Wool processing involves several water- and energy-intensive phases, including multiple washes to clean the fibre, called scouring.
After it’s taken from sheep, wool contains grease, suint (the dried perspiration of sheep), and dirt. This can make up some 35% to 40% of the fleece weight.
Environmental Problems Associated With Wool Scouring
Removal of all this grime requires large amounts of water and energy and results in strong odours, emissions including arsenic, lead, mercury, carbon monoxide, and chromium, and effluents with heavy loadings of grease, which can remove oxygen from the receiving waters, causing harm to plant and animal life.
First, the wool is moved through a series of bowls of water and chemical detergents. In recent years, the industry has moved away from alkylphenol ethoxylates after the Global Organic Textile Standard prohibited their use since they were found to have unacceptable environmental effects. These include disrupting the hormones of fish in nearby waterways, which feminises the fish and decimates populations.
Then, any last remaining grass seeds or dirt are removed by a process called carbonisation, in which the fibre is dropped into a sulphuric acid and water bath several times, heated up, and crushed. Finally, the wool is bleached with hydrogen peroxide to make it into the fluffy white fabric we all recognise.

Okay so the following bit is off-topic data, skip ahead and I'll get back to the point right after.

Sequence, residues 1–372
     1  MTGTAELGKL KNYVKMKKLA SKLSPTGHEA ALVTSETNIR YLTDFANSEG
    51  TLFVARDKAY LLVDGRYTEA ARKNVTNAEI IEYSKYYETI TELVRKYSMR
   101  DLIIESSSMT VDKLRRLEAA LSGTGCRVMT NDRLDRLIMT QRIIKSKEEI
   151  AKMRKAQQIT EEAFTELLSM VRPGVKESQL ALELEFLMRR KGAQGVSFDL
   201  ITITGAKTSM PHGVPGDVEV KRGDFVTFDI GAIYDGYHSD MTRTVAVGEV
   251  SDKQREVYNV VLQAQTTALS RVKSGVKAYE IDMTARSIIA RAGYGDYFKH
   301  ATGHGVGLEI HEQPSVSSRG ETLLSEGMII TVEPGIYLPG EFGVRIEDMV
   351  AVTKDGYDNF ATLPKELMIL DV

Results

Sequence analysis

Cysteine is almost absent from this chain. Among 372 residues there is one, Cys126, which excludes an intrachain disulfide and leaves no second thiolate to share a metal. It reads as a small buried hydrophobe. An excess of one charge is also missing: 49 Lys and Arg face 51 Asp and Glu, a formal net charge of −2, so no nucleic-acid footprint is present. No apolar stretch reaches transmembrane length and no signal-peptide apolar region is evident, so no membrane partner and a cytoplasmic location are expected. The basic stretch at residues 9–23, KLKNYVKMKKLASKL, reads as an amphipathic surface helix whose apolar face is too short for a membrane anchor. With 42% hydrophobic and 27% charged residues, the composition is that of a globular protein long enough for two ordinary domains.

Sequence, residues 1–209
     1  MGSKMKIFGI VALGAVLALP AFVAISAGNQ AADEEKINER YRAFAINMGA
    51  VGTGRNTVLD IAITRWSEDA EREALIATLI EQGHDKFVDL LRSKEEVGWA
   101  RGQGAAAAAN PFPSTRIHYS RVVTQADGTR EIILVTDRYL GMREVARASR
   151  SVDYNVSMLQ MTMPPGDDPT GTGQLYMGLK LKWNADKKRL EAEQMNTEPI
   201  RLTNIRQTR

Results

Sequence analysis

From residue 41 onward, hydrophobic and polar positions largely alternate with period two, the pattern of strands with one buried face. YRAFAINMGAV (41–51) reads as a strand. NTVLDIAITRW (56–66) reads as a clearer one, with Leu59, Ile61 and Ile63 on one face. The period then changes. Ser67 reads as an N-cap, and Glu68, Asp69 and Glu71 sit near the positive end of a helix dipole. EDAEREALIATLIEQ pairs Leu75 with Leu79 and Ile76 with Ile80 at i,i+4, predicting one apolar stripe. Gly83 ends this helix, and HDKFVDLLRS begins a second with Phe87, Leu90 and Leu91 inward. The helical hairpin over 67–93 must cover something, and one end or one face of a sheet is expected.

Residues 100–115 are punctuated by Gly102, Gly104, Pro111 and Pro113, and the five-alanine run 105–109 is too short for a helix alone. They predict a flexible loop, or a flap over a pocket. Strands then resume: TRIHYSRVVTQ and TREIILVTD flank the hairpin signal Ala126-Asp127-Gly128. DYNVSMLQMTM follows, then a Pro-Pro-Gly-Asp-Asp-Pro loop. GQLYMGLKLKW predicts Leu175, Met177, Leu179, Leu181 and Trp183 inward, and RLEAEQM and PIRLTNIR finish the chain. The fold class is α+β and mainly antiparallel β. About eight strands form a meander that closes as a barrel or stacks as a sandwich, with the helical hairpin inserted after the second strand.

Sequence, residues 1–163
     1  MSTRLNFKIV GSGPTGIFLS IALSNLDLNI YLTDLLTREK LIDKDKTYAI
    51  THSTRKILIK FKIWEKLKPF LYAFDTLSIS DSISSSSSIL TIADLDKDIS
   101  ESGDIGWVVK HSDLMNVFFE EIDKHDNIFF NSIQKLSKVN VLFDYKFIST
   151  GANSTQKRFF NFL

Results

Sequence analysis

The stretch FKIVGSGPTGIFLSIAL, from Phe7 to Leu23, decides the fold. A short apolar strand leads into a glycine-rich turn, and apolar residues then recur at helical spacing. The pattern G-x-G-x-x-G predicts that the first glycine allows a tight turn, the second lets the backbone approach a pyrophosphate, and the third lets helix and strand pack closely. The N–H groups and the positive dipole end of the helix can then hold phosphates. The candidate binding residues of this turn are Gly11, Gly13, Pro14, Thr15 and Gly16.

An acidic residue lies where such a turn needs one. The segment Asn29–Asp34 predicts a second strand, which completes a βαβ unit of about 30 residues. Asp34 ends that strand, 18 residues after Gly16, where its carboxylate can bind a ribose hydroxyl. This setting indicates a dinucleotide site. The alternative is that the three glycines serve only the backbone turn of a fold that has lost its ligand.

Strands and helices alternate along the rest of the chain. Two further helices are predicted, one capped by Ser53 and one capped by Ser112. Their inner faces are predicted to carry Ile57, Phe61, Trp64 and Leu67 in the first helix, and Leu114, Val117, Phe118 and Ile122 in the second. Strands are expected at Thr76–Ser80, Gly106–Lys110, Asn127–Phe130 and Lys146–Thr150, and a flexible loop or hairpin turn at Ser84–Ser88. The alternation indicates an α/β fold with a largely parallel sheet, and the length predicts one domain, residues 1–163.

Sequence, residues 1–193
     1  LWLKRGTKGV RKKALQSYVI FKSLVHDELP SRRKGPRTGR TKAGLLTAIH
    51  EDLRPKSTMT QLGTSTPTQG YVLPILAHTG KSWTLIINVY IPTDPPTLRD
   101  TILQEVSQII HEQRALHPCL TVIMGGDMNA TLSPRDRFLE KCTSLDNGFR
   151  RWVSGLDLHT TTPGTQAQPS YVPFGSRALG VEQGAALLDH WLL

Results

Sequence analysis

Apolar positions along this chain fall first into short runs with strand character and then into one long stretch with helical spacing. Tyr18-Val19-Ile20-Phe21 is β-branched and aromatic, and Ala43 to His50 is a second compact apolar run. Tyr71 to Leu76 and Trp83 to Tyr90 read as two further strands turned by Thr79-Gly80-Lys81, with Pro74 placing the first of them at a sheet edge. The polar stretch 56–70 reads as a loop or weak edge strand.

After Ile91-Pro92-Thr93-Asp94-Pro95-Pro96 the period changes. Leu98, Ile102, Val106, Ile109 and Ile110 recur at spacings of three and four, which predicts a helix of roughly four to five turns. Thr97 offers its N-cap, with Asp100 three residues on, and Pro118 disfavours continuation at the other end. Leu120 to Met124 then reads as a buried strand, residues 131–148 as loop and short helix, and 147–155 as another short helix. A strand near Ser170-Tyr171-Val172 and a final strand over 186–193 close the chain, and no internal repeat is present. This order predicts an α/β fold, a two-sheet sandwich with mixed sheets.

Victoria Wool Processors scours around 3% of Australia’s total wool clip, and it generates the same level of waste as 80,000 humans per year. Similarly, there are only two commercial wool-scouring facilities still operating in the UK.
One kilogram of greasy wool can produce between 8 and 20 litres of effluent. Scouring plants in developed countries like Australia and the UK must treat water on site until it’s safe to add to the sewerage system or apply to land as fertilizer, where it emits nitrous oxide. This increases wool’s total greenhouse-gas emissions. Today, most of the world’s wool processing takes place in China because it’s cheaper. Environmental practices around effluent are less stringent, and labour costs are lower. Like many other manufacturing industries, wool has exported some of its environmental problems overseas.